By ROGER AMSDEN, for THE LACONIA DAILY SUN
SANDWICH — More than 40 people showed up at Range View Farm here last Saturday and brought with them over 150 different types of apples as part of the Sandwich Apple Project, which has a goal of finding and preserving lost heirloom apples.
Martha Carlson, who along with her husband, Rudy, hosted the gathering, said that Ben Watson of Francestown, author of Cider, Hard and Sweet, helped people identify the apples by shape, color, taste, texture and even fragrance. Watson also brought along samples of 10 different heirloom varieties.
One heirloom apple which was brought to Saturday's event by Eleanor Jenkins of Eaton was tentatively identified as Spitzenburg, which was Thomas Jefferson's favorite apple. An aromatic apple with a sweet, spicy taste, the Spitzenburg was the ancestor of the Jonathan, which is the ancestor of today's popular Idared variety.
Carlson said that another one of the apples which was brought in and sampled was identified by Watson as most likely being a Smokehouse, a variety first identified in Pennsylvania in 1837. The local Smokehouse apple came from a twisted old tree on Image Hill, a historic dance hall in the Lower Corners. The tree, which is giving away to heart rot, still produces crisp red and tasty apples each fall, which Carlson says make great pies.
The tree was first brought to the attention of the town by Maggie Constantine and is one of nine old, unidentified apple trees whose twigs were grafted onto rootstock trees earlier this year after Constantine invited the Sandwich Agricultural Commission to take cuttings from the Image Hill tree.
The grafting session was the first step in the Agricultural Commission 's Sandwich Apple Project, which seeks to identify and preserve heirloom varieties which at one time flourished on farms throughout the town.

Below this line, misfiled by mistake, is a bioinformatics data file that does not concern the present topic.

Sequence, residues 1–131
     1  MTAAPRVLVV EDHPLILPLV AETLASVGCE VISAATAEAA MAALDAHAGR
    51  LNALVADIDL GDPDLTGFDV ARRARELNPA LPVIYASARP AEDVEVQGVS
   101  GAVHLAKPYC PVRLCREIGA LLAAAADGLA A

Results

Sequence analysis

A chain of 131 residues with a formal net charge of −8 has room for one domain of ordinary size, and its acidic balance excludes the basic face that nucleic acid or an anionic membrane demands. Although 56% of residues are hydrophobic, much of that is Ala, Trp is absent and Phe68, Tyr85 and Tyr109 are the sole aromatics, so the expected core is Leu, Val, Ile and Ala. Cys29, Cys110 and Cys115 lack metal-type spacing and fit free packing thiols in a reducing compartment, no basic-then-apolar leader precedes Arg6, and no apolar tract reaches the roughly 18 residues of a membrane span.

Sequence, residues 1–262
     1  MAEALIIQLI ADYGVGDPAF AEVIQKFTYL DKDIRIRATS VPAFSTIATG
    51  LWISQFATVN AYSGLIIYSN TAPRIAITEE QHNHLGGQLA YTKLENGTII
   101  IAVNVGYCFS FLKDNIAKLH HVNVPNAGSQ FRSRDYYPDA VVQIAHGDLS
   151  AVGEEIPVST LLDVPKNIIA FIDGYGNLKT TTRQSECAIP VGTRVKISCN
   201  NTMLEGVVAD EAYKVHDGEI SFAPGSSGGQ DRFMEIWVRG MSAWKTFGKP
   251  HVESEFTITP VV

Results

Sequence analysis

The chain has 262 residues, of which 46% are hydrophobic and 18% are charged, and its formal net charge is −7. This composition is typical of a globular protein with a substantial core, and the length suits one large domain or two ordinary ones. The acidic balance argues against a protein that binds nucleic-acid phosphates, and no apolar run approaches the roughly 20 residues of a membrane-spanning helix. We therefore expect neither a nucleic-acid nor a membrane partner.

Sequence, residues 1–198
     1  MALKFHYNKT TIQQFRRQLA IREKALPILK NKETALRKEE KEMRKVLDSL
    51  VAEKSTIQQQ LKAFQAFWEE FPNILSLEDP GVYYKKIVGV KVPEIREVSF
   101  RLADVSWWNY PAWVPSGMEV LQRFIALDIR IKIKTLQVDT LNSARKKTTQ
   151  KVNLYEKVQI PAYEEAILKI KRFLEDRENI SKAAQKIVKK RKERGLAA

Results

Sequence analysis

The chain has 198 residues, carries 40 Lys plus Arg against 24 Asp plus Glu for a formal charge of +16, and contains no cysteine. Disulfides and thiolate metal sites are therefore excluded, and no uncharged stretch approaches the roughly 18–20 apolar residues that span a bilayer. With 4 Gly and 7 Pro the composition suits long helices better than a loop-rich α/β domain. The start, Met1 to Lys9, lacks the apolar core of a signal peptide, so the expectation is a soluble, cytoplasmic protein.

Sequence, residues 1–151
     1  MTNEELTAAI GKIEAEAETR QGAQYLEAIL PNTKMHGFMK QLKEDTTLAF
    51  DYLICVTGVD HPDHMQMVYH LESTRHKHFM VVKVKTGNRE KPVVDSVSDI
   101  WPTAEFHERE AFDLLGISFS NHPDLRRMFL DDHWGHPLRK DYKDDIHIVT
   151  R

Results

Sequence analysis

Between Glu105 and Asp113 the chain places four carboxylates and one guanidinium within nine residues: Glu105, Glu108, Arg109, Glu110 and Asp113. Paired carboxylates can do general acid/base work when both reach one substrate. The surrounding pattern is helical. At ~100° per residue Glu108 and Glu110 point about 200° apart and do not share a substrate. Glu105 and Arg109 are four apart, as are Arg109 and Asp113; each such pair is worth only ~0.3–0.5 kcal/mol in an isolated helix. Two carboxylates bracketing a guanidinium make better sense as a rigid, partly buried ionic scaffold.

Carlson said she and her husband were assisted by in organizing Saturday's event by John Pries, a former information technology professional and entrepreneur, who last year left behind his corporate life in Boston and moved into a hill-side home on a dirt road in town and discovered an ancient orchard full of several varieties of apples unlike anything seen in the supermarket.
"Some of them are spectacular," Pries said. He was inspired to learn more about them and joined the town's agricultural commission, where he and Carlson created the Sandwich Apple Project.
Carlson said another variety which was identified was a Snow Drift crabapple, a small yellow apple with a red blush. She said that crabapples were frequently planted in orchards featuring other varieties in order to attract bees and other pollinators.
She said another heirloom apple, a very large red sauce apple that grows in veterinarian Julie Dolan's North Sandwich orchard, is also one of great interest.
Apples that were brought to the workshop were passed around for sampling, and many were pressed into cider. Late in the coming winter, scions will be cut from the trees that produced the preferred apples, and in April they'll be grafted onto root stock.
Jean Robichaud and Rudy Carlson make cider at Range View Farm in Sandwich. (Courtesy/Martha Carlson)
Ben Watson examines an apple found by Anne Hackl which she brought to the Sandwich Agricultural Committee's Apple Project Saturday at Range View Farm in Sandwich. (Courtesy/Martha Carlson)
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